The most notable adverse effects from immunotherapy are due to stimulation of the immune response, and these may mimic infection by causing flu-like symptoms and breathlessness due to pneumonitis. In a study of patients receiving checkpoint inhibitors, the incidence of pneumonitis was 5–10% with the highest frequency seen in those receiving combination treatment with anti-PD1 and anti-CTLA4 inhibitors (50). In these cases, infectious aetiologies need to be excluded before initiation of treatment. The management of immune-related adverse events is with immunosuppressants (e.g., high dose corticosteroids, mycophenolate mofetil or TNF inhibitors) and these drugs will increase the risk of subsequent respiratory infection in particular with pathogens such as M. tuberculosis, P. jirovecii, A. fumigatus and the herpes viruses (2,4,51,52). In a study of 740 patients receiving checkpoint inhibitors for the treatment of melanoma bacterial pneumonia, P. jirovecii pneumonia and invasive pulmonary aspergillosis were identified in 1.8%, 0.4% and 0.3% of patients respectively (53), suggesting that although rare, a high index of suspicion is required to identify these culprit pathogens. Like the PD-1 inhibitors, the PD-L1 inhibitors (e.g., atezolizumab, avelumab) are also associated with pneumonitis and development of severe respiratory infection in up to 5% of patients (54,55). Other commonly used biologicals that are reported to increase the risk of respiratory infections include the monoclonal antibodies targeting CD20 (e.g., rituximab, ofatumumab, obinutuzumab, tositumomab, ibritumomab tiuxetan), that lead to B-cell depletion and toxicity causing neutropenia (56-58), monoclonal antibodies targeting CD52 (e.g., alemtuzumab) that cause B-cell lysis, T-cell depletion and neutropenia (59), and monoclonal antibodies targeting CD33 (e.g., gemtuzumab) that results in myelosuppression (60). Use of the cytokine IL-2 (aldesleukin) is also associated with an increased risk of respiratory infections due to neutrophil dysfunction (61). Importantly, the risk of respiratory infections with biological agents in the treatment of cancer is further augmented by their use in combination with immunosuppressive chemotherapeutic agents that frequently result in cytopenia.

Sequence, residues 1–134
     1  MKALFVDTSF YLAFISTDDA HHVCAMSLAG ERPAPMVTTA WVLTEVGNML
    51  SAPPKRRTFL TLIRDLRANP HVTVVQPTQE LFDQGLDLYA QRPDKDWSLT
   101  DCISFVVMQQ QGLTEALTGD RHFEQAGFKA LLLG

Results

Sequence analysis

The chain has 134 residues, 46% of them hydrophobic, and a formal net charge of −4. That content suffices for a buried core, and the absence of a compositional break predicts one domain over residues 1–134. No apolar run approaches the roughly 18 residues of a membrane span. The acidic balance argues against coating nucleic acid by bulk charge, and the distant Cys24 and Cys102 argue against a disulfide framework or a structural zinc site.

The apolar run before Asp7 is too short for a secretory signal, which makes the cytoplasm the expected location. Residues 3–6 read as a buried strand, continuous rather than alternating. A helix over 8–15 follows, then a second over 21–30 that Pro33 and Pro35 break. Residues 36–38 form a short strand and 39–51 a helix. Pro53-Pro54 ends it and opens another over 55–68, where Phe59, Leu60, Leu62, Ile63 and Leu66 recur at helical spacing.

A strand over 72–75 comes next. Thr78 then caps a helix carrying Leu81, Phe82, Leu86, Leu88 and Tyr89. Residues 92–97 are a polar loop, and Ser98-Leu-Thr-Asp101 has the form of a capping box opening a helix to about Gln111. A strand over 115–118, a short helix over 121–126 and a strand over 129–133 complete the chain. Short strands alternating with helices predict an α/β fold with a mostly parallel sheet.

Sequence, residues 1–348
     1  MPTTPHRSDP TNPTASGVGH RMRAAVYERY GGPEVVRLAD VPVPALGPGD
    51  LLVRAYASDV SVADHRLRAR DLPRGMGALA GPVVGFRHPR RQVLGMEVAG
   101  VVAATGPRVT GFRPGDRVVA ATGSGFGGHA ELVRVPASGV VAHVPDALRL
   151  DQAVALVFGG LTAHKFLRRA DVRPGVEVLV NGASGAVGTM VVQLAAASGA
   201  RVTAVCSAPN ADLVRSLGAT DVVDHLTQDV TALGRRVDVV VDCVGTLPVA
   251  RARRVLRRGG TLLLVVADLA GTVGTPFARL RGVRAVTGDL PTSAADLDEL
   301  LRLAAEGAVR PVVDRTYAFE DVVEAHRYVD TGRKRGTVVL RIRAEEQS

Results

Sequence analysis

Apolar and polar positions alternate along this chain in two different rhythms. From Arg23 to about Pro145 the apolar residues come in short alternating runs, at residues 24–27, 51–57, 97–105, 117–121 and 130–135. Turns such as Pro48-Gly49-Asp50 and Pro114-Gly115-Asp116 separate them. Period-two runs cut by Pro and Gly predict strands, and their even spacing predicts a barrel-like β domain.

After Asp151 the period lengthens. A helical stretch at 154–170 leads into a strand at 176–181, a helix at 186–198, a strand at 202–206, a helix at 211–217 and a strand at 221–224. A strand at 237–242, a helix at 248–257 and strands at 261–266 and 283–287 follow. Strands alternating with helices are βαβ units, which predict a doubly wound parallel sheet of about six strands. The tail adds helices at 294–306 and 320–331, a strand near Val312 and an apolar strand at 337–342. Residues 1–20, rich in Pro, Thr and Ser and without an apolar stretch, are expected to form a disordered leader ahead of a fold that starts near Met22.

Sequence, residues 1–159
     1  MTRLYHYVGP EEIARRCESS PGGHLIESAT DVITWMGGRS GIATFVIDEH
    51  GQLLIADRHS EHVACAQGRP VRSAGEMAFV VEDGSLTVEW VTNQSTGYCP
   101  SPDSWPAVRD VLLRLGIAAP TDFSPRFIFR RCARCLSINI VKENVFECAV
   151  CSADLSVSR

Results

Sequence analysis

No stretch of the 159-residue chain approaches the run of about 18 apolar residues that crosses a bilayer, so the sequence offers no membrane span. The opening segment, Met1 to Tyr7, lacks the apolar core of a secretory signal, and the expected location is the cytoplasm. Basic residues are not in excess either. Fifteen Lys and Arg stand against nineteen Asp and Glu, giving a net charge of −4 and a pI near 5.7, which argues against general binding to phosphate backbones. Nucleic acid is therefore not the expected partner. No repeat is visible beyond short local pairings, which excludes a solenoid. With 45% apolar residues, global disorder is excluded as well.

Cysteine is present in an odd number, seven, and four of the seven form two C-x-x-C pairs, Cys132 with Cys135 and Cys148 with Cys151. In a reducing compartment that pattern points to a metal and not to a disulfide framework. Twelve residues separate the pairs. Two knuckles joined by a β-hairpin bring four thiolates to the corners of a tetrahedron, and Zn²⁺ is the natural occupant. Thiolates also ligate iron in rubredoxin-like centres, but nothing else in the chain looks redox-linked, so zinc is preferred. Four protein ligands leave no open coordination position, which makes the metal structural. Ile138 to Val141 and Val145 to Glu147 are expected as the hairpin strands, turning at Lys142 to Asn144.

Most of these infections can be prevented with prophylactic medication, but the frequency currently remains too low to justify their routine use and further research using larger cohorts are needed to demonstrate their cost-effectiveness. It is also important to note that discontinuation of the biological agent may not lead to rapid cessation of immunosuppression due to the long half-life of most monoclonal antibodies. Furthermore, in the presence of active infection discontinuation of immunosuppressive agents may lead to paradoxical worsening as the recovering immune system reacts to the pathogen, as seen in immune reconstitution inflammatory syndrome seen in the treatment of human immunodeficiency virus infection.


Biological therapies represent a revolution in the treatment of chronic inflammatory diseases and cancer, especially in cases refractory to conventional treatment modalities. They offer significant benefits in disease control and improving quality of life. As with all immunosuppressant agents, it is important to be aware and vigilant for signs of infection, as these therapies confer a significantly increased risk of respiratory infections.




Conflicts of Interest: The authors have no conflicts of interest to declare.


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Cite this article as: José RJ, Mouyis M. Biological therapies in the treatment of inflammatory disease and cancer: impact on pulmonary infection. Ann Res Hosp 2017;1:40.